As I write, I’m flying back to LA after attending the Inside Sales Professionals annual conference in Chicago.
Today, I presented The Death of Field Sales, an introduction to our inside-out approach to the design of the sales function.
Here are my observations on state of the inside-sales community.
First, inside sales is exploding. A number of speakers presented data that showed that, as field sales teams shrink, inside teams are growing. But not just growing. Exploding! Some are reporting a 300% year-on-year growth in US inside-sales headcount. And I suspect the same is true of other developed countries too.
The other exciting thing is that the inside-sales community seems to be well aware of the power of inside sales. Many organizations have inside sales teams that are outperforming their field counterparts and a number are prosecuting major sales opportunities inside.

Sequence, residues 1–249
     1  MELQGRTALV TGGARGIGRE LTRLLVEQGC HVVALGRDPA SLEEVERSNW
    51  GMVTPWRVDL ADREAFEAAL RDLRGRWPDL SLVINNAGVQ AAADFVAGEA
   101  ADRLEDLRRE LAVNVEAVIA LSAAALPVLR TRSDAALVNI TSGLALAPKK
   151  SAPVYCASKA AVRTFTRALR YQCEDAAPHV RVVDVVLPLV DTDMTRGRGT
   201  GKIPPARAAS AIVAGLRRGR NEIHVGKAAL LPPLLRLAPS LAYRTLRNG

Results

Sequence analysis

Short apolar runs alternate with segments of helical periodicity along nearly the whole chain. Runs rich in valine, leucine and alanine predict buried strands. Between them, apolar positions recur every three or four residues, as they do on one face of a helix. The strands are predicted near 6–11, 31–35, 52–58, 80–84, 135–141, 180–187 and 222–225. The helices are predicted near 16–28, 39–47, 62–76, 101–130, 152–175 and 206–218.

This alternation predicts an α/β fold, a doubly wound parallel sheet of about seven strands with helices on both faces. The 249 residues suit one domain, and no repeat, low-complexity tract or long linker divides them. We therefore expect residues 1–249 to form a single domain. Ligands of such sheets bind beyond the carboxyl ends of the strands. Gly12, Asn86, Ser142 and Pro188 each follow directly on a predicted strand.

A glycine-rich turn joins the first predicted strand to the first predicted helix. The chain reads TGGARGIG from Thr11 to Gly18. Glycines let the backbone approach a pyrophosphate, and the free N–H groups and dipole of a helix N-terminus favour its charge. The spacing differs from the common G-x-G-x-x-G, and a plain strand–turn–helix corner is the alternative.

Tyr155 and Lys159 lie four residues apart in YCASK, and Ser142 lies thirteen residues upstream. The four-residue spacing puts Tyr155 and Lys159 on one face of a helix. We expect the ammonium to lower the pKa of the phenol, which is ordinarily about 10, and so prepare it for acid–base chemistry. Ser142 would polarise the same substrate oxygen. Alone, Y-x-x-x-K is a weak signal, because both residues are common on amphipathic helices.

The other good news I can report is that, when I posited my two starting assumptions for the design of the sales function, I got immediate and unreserved agreement from everyone in my workshop:
- Sales is essentially an inside function
- Sales is a team—not an individual—endeavor
The not so good
The not so good news is that inside sales teams have adopted a number of practices from the traditional sales model that would have been better off left in the field (or, better still, eliminated altogether).
For example, although everyone seemed to agree that sales is a team endeavor, inside salespeople are being encouraged to own their own accounts, to prospect and to engage in social outreach (including publishing their own blog posts!).
Although, many in the community reject that inside salespeople are second-class citizens (relative to field salespeople) I still heard a number of industry leaders admit (from the stage) that they employ low-cost, less-experienced candidates and introduce them to a career path that starts inside and delivers them, at some point, to the field (where, presumably, real salespeople work?).
And, need I say, talk of commission-based comp plans was everywhere.
My deck. For more information, read this.
In my presentation, I lead audience members from the starting assumptions above through the process of reimagining their sales functions. Continue reading “The future is inside sales. It’s just not your momma’s inside sales!” »